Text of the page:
One agricultural advance that has made this industry a success is in the careful use of water. About 30% (the number is expected to rise) of the water used for crops is recycled sewage water that has gone through a cleansing process—the result of which is "gray water." Consequently, farmers are using far less fresh water than in the past, but obtaining an equal or even greater yield. Farmers have also cultivated strains of peppers and tomatoes that thrive in the salty water from the Dead Sea. And no drop of water is ever wasted—overspill is gathered and reused, so that fresh water sources are tapped only when absolutely necessary.
The Self-Watering Rhubarb
www.israel21c.org reports that Israeli scientists have discovered a rare plant in the Negev (southern desert) region of Israel. The desert rhubarb is essentially able to water itself. It has thick, waxy leaves that are designed in such a way that even the most miniscule amount of water finds its way promptly to the plant's roots. The leaves essentially act as a funnel for the plant, which can collect up to sixteen times more water than neighboring plants. Professor Simcha Lev-Yadun, one of the researchers, was asked if this plant could become the ultimate irrigation system for this arid country. While the professor himself said he has no plans to develop anything, he does not rule out the possibility of someone else jumping on the technology.
Desert as Farmland
Perhaps the only ones not happy about the increase in immigration to Israel are the melons. According to the Ministry of Foreign Affairs (MFA), only 17% of Israel's land is arable, and the percentage is shrinking as more and more farmland is being used for housing. As a consequence, the desert areas of Israel between Beer Sheva and Eilat, known as the Arava and the Negev, are becoming increasingly used for agriculture. Because of the year-round warm, sunny climate in the region, crops such as citrus fruits and flowers can be grown and then exported to Europe in the winter. "Greening" the Negev is becoming a focus. At a moshav on the Egyptian border, the cattle are fed food grown with recycled water from fish tanks. Farmers and scientists are also experimenting with arid soil plants brought from other desert regions in the world.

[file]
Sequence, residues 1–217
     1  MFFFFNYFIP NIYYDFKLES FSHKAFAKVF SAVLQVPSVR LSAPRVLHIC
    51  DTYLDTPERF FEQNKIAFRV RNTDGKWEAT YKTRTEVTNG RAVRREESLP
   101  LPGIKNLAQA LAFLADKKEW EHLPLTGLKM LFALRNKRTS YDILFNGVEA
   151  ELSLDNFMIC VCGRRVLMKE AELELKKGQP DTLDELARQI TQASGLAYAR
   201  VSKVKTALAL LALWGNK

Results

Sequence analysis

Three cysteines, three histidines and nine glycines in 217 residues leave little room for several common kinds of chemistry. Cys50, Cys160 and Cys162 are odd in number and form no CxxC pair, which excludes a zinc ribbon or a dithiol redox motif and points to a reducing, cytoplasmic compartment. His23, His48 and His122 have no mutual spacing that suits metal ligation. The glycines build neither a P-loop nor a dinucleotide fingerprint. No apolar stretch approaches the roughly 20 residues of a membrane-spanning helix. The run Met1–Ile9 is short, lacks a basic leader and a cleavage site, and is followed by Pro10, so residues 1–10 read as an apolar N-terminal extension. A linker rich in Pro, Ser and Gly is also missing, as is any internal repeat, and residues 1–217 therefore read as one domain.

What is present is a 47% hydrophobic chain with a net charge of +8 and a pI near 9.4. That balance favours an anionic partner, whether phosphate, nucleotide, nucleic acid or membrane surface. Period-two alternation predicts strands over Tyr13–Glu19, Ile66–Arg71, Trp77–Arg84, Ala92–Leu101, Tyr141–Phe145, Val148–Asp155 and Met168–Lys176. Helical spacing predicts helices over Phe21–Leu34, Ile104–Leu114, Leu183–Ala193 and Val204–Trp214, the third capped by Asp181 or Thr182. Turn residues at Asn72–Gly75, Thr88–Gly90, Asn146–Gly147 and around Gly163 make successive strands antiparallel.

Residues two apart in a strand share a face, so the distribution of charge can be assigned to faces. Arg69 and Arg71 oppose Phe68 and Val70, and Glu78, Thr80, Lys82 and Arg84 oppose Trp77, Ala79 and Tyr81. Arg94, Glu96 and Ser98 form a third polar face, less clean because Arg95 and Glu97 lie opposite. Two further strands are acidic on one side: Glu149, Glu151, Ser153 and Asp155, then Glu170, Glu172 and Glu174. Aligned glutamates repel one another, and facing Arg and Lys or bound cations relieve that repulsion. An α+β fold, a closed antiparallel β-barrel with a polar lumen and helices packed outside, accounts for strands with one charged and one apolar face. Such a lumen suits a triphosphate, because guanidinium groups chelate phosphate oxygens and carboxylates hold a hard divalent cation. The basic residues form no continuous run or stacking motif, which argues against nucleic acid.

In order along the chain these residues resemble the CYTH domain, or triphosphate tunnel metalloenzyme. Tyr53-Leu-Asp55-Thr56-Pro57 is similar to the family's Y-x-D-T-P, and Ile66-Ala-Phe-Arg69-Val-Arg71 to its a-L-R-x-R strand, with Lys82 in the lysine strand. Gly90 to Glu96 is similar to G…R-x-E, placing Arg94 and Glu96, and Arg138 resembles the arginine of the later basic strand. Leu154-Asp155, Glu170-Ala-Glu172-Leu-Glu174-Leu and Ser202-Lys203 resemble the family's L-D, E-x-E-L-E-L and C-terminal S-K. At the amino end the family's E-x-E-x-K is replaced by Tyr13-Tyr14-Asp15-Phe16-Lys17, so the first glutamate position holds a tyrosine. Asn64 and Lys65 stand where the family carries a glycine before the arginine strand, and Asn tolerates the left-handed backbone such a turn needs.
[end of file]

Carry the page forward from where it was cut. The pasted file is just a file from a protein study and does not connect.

Ohio and Israel: Partners in Agriculture
Back in the 1980's, a Cleveland CEO, and the head of the JNF (Jewish National Fund) in Ohio, decided to get together and fulfill David Ben-Gurion's goal of cultivating the Negev region. They formed the Negev Foundation, which at first was a philanthropic organization dedicated to help develop the Negev region, but soon began promoting business initiatives and sharing Israel's cutting-edge desert technology with other countries.
The new Ramat Negev Desert AgroResearch Center (RNDARC) was recently established to experiment with desert-grown crops. Among the projects funded at RNDARC are hothouses which experiment with technologies such as bee pollination and drip irrigation, and a solar greenhouse. Research continues into the use of brackish water to grow crops, a crucial development which relieves the demand placed on Israel's scarce fresh water sources.
With thanks to www.israel21c.org, a site dedicated to spreading the word about the "other" Israel—not the Israel of suicide bombing and disputed walls, but the Israel of technological advances, innovations, and contributions to the betterment of the world.